These days, it seems like hands-on homeschool is a buzzword of sorts. What’s all the fuss about?
Let’s define hands-on first.
It’s best to define hands-on first because I think it’s overall meaning might surprise you. You see, hands-on learning can actually mean several things.
Most obvious, hands-on means “touching” things during lessons. For instance, rather than reading about simple machines, you actually use simple machines to learn about their characteristics. Or, when learning about the rock cycle, you make your own rocks by taking them through a rock cycle simulation.
Similar to the definition above, hands-on can also mean learning by doing. When you learn about Colonial history and actually do several of the tasks that would have been done during that era, that’s hands-on. As is cooking or baking.
Hands-on can also mean connecting somewhat abstract ideas to experiences that build concrete understanding. In other words, real-life experiences become building blocks in the brain so that harder concepts make sense. For example, using snap cubes to help a child “see” the formulas for calculating perimeter, area, and volume. Or, using beans to teach how scientists determine a taxonomy.
When a child is actively engaged in problems solving or critical thinking, we can call this hand-on learning, too. They are “on” rather than simply taking in information. STEM/STEAM type activities can fall into this category, as can can project-based learning.
In all of these, you can see hands-on learning is an active form of learning that requires children to “do” something in order to learn about it.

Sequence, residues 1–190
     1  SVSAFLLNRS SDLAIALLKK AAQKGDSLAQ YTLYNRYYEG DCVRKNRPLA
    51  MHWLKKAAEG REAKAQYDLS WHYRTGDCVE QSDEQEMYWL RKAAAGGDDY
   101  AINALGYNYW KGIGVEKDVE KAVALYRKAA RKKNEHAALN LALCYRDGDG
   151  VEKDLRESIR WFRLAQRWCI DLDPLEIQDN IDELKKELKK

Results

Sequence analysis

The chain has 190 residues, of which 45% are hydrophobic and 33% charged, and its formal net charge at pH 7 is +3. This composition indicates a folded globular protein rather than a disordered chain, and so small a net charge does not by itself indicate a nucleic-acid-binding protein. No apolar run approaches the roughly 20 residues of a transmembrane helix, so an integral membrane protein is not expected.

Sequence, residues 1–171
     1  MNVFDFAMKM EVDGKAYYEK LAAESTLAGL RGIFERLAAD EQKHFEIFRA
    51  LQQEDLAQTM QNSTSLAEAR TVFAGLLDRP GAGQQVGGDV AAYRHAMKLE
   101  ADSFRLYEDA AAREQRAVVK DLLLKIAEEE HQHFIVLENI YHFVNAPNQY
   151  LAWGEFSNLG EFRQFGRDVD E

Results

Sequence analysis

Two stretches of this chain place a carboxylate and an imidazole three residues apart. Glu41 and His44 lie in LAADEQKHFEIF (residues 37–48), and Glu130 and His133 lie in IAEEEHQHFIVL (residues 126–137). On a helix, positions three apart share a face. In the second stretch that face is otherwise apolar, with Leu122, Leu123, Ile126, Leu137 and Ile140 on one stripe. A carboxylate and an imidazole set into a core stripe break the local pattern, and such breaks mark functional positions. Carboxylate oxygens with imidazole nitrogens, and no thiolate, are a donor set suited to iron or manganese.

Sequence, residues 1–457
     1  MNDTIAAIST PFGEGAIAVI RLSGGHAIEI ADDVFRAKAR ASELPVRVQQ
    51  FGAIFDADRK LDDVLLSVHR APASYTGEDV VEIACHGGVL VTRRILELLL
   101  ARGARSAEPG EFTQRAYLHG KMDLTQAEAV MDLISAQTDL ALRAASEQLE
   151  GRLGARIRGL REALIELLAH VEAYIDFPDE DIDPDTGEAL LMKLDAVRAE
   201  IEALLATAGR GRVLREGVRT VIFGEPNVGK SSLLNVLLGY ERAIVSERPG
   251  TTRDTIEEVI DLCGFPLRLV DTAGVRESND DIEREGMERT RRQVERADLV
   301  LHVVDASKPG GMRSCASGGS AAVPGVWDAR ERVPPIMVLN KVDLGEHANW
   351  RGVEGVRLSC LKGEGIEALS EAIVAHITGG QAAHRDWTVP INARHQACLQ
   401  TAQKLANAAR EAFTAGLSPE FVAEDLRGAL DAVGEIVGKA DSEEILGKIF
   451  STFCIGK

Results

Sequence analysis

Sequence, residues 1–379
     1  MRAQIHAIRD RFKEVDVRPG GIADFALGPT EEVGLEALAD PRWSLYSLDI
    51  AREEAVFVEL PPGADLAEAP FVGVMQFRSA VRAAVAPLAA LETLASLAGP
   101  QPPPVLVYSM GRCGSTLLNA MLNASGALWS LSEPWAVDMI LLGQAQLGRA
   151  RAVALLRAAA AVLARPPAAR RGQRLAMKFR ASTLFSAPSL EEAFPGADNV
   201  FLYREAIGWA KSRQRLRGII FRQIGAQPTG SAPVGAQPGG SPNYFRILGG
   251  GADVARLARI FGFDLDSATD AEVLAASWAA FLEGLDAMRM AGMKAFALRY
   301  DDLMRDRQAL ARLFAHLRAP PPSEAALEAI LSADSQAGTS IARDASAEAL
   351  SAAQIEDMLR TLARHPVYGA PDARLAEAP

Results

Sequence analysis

Why would someone want to have a hands-on homeschool?
Depending on the type of activity (based on the definitions above) there are many valid reasons for adding hands-on learning to your school day:
- To build real-life understanding
- To meet the needs of children who learn visually or kinesthetically
- To help a child understand an abstract concepts
- Because it can require higher order thinking skills that are often missing in textbook curriculum
- To maintain interest in learning
Isn’t a hands-on homeschool messy?
It might or might not be messy, depending on the activity. Nature study is hands-on, but rarely messy. Science experiments are hands-on and can be messy sometimes. Art projects are hands-on and tend to be messier.
The goal isn’t to worry about the mess – instead, teach clean-up part of the process. When messes are necessary, they’re also worth it.
Doesn’t it take a lot more time?
Again, it might or might not take more time to teach in a hands-on way. I would lean toward saying ‘yes’ most of the time, but again – it’s worth it.
If a child isn’t getting a concept or they’re bored to the point of not taking in the information anyway, the extra time spent in hands-on learning will be invaluable in the end.
Over the years, we’ve naturally integrated hands-on learning into our schedule. Not every day, mind you. Some days are just perfect for workbooks and literature.
But there are, oh, so many ways to add a little here and a little there – and every little bit can go a long way.